The next day was spent watching television. The Albuquerque stations had reporters in Loss Alamos and ran 24-hour broadcasts on the “Cerro Grande Fire,” as it had been named. We watched as the fire ravaged our town, devouring homes. We kept trying to identify things, but there were no more landmarks that we could see from the helicopter’s viewpoint. The Netherwood Church of Christ in Albuquerque set up meals for the evacuees, and Wade and I were anxious to see our friends. As we walked into the church building that night, everyone said our names joyfully, and I almost cried with happiness at being with those people. I hugged as many people as I could, sat down and talked with them, and generally enjoyed being with my family.

As the days passed, our meetings at the Netherwood church became very important to me. I felt out of place, and impotent. I kept expecting to wake up and find out that the fire was just a horrible nightmare. We all felt that way. But being together, seeing the faces of the people I love made me feel like everything was going to be okay. I remember thinking, “If we can just all get together, it’ll be alright.”

By Saturday, we were being sent lists of homes destroyed. Our home was not on the list. For the first time in days, Wade and I began to hope that our house was still there. Others were not so lucky, however. Five families from our congregation lost their homes. Upon hearing that one of those families was going to the Glorietta Conference Center, which was housing evacuees, I said, “They shouldn’t do that. They should be here with us!” I felt that our family should be together. We needed each other.

Some residents were able to go to their homes by the next Monday night. Wade and I went home on Thursday, the 18th, twelve days after our evacuation. Our home was not damaged. The worst that happened to my little family was that Simeon had to stay in the animal shelter in Santa Fe for a week. Animal Control picked him up in White Rock and kept him in Santa Fe. Countless animals were saved and sheltered during the evacuation by those wonderful, selfless people.

Life is not back to normal, though. Now, as I write, our church building is swarming with activity. The Churches of Christ Disaster Relief Effort of Nashville came to our aid almost immediately.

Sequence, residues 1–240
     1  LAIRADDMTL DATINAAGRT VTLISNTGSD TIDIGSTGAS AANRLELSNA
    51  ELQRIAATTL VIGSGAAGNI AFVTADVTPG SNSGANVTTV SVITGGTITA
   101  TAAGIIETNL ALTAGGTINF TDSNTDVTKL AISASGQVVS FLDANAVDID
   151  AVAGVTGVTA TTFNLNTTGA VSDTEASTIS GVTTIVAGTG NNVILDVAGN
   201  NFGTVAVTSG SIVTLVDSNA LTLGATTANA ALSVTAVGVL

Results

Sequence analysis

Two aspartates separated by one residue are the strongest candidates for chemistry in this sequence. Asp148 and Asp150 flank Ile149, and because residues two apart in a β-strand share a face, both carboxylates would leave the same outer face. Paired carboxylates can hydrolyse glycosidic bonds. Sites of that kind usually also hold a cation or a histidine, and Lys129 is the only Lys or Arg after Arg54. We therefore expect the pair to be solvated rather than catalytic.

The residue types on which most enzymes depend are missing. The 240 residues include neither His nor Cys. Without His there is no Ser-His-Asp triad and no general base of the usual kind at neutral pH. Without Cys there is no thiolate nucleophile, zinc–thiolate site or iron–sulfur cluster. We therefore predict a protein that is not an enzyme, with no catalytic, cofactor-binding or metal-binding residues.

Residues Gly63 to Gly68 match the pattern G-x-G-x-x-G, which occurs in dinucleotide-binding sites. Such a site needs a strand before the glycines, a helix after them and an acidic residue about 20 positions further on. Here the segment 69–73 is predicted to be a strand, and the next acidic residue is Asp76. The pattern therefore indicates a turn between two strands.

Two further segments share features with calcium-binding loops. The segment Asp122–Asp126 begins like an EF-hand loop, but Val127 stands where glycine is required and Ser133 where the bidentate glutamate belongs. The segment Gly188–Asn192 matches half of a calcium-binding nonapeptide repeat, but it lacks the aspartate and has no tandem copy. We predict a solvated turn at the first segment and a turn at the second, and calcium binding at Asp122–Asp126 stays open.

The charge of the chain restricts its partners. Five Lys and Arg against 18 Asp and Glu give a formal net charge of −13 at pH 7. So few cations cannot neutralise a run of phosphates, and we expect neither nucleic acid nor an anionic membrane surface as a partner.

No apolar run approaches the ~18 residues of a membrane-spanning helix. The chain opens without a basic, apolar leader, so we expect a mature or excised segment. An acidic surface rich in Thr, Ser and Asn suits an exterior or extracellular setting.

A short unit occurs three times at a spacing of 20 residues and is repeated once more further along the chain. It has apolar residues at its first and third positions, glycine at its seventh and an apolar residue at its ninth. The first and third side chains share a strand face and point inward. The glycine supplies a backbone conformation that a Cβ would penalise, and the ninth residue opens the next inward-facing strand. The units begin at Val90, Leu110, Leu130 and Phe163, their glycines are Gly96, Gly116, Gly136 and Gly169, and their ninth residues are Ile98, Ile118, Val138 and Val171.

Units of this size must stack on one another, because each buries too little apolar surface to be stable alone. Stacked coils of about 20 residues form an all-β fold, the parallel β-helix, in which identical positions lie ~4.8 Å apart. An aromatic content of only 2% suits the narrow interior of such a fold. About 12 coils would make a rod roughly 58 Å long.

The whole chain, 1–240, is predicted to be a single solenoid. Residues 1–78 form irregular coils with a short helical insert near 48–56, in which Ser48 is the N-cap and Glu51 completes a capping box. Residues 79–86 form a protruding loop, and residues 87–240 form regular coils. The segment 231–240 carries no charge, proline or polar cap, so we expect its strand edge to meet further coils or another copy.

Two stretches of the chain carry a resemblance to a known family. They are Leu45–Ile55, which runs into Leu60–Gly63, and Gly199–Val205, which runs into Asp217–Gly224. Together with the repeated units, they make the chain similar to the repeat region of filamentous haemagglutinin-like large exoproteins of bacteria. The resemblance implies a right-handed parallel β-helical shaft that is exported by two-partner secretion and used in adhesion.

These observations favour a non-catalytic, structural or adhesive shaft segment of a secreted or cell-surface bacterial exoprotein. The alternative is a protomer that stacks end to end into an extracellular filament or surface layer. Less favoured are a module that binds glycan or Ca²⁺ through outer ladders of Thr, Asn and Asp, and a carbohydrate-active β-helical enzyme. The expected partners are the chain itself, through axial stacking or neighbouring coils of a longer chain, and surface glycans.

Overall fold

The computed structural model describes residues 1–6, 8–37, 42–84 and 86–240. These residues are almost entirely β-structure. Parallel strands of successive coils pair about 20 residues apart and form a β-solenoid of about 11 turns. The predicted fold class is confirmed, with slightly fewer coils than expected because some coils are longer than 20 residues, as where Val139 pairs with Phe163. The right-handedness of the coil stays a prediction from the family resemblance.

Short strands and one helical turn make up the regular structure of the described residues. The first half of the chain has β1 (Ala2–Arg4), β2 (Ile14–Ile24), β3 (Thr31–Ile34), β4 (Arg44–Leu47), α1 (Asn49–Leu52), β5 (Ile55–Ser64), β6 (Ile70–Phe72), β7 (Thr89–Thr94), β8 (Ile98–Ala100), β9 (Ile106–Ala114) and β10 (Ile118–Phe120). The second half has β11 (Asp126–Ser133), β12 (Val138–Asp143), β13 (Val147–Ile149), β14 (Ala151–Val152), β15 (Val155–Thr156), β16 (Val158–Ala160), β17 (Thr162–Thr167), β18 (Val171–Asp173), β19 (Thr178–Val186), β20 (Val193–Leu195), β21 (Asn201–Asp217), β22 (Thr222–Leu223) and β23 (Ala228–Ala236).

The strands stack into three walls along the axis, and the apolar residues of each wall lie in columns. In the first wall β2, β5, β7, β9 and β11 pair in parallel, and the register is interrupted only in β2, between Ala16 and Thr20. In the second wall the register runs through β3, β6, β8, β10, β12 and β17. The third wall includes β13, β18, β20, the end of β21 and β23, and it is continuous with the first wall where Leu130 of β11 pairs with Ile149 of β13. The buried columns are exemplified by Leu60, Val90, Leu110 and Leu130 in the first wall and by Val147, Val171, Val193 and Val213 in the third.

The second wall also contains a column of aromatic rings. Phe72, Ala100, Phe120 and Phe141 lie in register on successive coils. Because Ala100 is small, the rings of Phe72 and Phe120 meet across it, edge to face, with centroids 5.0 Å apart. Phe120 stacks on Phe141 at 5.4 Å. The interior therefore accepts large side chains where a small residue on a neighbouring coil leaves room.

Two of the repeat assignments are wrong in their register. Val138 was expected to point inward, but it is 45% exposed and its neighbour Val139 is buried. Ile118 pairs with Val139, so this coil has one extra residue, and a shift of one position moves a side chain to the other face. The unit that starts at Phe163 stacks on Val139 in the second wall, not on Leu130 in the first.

While we were still in Albuquerque, a representative came to inform us of the shipments that would be coming as soon as we got back in town. Our youth room is stacked full of brand new single and double mattresses and box springs. Our dining room is full of food boxes and cleaning supplies. A semi-truck parked outside is full of dinette sets and chests-of-drawers. We have volunteers from the congregation at the building almost 24 hours a day. The congregations in Espanola and Pojoaque have sent many strong backs to help unload the almost constant arrivals from Nashville. The deacon in charge of our treasury is working overtime with checks coming in from all over the country.

I have learned a few things since this all happened. I have learned what is really important to me in my home – my husband, my dog and our wedding pictures. I know what I can do without – pretty much everything else. I have learned that you can never underestimate the generosity of people. Northern New Mexico turned itself inside out to help the victims of the Cerro Grande fire.

And I learned this: in times of crisis, you need to be with your family. Not just your biological family, since both sets of our parents are in Texas, but with the people who love you and see you every day. I felt an indescribable need to be close to my congregation. When I saw the faces of my beloved friends in Albuquerque, I knew they were my family. I knew that we belonged to each other. A bond of love – the bond of Christ’s blood connected us. I am a member of a beautiful, strong, resilient, out-pouring family. The love of Christ is shining, bursting out of everyone I see now.

So if you want to see what it is to be a true Christian family, a family committed to being Christ’s light in this world, come see the family that’s been refined by fire. God has refined us, is still refining us to be a mighty force in the world, in Los Alamos. We are a family of tragedy, refined by fire, shining and strong.Wineskins Magazine

Mollie Spaulding